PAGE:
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Rand Paul’s visit fuels speculation

BY QUENTIN MISIAG | AUGUST 04, 2014 5:00 AM

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It’s the three-day political sweep Iowans have seen before.

This week, Rand Paul will return to the state’s presidential-trial grounds, visiting eight communities as one of a handful of national GOP leaders who have been viewed as front-runners for the 2016 presidential cycle.

From the Iowa Great Lakes resort town of Okoboji to the University of Iowa, Paul will work to garner favorability, a person who will join  another campaign this week told The Daily Iowan on Sunday.

In December 2011, Paul’s father, then-Rep. Ron Paul, R-Texas, traversed through nine cities as a part of a three-day circuit through much of central and eastern Iowa. He later went on to lose by a narrow 3 percent margin in the 2012 Iowa caucuses to former Sen. Rick Santorum.

With fewer than 95 days until the 2014 mid-term election, the political parades expected to surge in Iowa leading up to 2016 have those deemed interested setting their paths to Pennsylvania Avenue.

However, a pair of political analysts say the younger Paul is certainly testing the presidential waters that remain murky with no decisive front-runner.

Experts say it will take a balancing act composed of getting his face in front of the state’s young voters and speaking on foreign-policy issues that helped catapult his father’s two-time run into the presidential spotlight, while also reaching out to the highly conservative older voters who tend to vote in midterm elections.

But one thing is clear: He’s not his father.

The younger Paul’s reintroduction to the political cycle comes down in part to timing, said Timothy Hagle, a University of Iowa associate professor of political science.

“He was basically waiting to seeing what his father did,” Hagle said. “He undoubtedly knows a lot of people in Iowa already because of his father, and that gives him a head start.”

Despite that head start, the 51-year-old’s Achilles heel could arise in the one prominent issue that his father spearheaded: foreign policy.

“He’s taking a more nuanced approach to foreign policy because his father turned off many Republicans because of that,” Hagle said, noting that international tension in Ukraine and the Gaza Strip have pushed the issue to the front and center.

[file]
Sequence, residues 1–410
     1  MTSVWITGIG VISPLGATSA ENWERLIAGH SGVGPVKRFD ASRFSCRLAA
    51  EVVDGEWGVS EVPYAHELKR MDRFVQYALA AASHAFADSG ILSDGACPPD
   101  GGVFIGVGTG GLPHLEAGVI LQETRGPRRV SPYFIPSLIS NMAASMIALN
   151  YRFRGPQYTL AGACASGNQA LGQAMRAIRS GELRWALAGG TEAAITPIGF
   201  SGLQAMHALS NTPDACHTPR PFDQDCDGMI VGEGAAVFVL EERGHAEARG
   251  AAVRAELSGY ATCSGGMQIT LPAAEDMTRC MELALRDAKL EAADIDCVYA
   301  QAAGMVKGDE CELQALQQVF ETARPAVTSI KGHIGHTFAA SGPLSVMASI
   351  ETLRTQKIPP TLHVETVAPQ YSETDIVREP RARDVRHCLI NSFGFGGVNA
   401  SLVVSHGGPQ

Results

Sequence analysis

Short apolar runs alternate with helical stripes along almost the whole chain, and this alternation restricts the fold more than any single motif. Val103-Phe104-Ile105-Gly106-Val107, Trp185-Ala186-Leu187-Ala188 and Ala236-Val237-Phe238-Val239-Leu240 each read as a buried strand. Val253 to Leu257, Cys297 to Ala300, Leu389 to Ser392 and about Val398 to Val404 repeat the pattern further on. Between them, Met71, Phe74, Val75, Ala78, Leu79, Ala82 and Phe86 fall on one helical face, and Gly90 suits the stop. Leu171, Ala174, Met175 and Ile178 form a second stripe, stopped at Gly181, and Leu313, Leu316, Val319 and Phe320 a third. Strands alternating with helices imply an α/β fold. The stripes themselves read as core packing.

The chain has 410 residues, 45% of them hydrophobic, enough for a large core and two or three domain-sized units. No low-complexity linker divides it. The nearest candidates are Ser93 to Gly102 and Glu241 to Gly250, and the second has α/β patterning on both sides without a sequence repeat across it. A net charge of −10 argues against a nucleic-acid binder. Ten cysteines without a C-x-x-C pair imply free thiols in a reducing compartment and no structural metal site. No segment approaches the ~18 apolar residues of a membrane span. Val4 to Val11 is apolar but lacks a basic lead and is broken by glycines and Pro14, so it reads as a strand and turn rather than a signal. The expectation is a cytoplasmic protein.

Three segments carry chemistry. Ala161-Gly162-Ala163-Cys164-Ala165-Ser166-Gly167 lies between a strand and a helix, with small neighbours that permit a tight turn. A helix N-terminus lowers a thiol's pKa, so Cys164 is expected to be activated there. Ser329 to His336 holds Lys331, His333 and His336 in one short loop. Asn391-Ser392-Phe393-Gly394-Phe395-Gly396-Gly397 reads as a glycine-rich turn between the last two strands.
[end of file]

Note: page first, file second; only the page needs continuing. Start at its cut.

Mariannette Miller-Meeks campaign manager Matt Sauvage said the decision to pair the Kentucky senator with the 2nd District GOP candidate came as a result of the ophthalmologists’ meeting during the 2014 Iowa GOP state convention in Des Moines.

The noon appearance on Tuesday at the University Club, 1360 Melrose Ave., is expected to draw 75 people.

The visit to Iowa City, which has the area’s major medical centers, was chosen as an outlet to host the pair because both seek to snag college voters and they clamor for nationwide health-care change, Sauvage said.

If voters cling to the excitement that Ron Paul promised Iowans three years ago, they might be more likely to look into Rand Paul’s candidacy over another Republican’s, said Christopher Larimer, an associate professor of political science at the University of Northern Iowa.

Paul could benefit from his well-known last name if he can appeal to older Iowans who tend to have the highest turnouts at the Ames Straw Poll in 2015 and the Iowa caucuses in 2016, Larimer said.

Citing national public opinion polls that show large swaths of the American public are frustrated with foreign policy, Larimer said he expects Paul to speak on the level of intervention needed to close out foreign conflicts cleanly, in addition to the divisive Affordable Care Act.

Larry Sabato, director of the University of Virginia’s Center for Politics, played down the reasoning of Paul’s return to the state as a platform to campaign for others and not himself.

“Iowa’s a lovely place, but if you’re a senator from another state, you’re most likely coming there because you are running for president or at least testing the waters,” Sabato said. “If Rand Paul isn’t running for the White House, he deserves an Oscar for best actor.”

Steve Grubbs, one of Paul’s strategists, told the DI on Sunday that the senator’s primarily goal of the trip will be to work for state Republican candidates. He will also listen to job creators in the state and see what advice he can take back to the Senate.

“It’s no secret that he is considering a presidential run; he’ll make that decision later and in advance of that, and he’s bringing people like me on board should he decide to pull the trigger and run for president,” Grubbs said.

To Sabato, Paul stands out from the GOP pack because he has a distinctive message that questions U.S. involvement in foreign conflicts, appears to have a more libertarian perspective on at least a few issues, and seems determined to broaden the too-narrow GOP coalition through outreach to minorities and the young.

“But it’s far from certain that the Republican base will buy what he’s selling,” Sabato said.


Rand Paul to visit Iowa City

Sen. Rand Paul, R-Ky., will visit Iowa City on Tuesday, August 5 to headline a fundraiser for the Mariannette Miller-Meeks campaign.

• The event will take place at noon-1:30 p.m. at the University Club, 1360 Melrose Ave.

• Ticket prices: $25 for UI students; $60 for guest level; $100 for friend level; $500-$1,000 for host-committee level

• Approximately 75 people are expected to attend the event.

Source: Mariannette Miller-Meeks campaign manager Matt Sauvage


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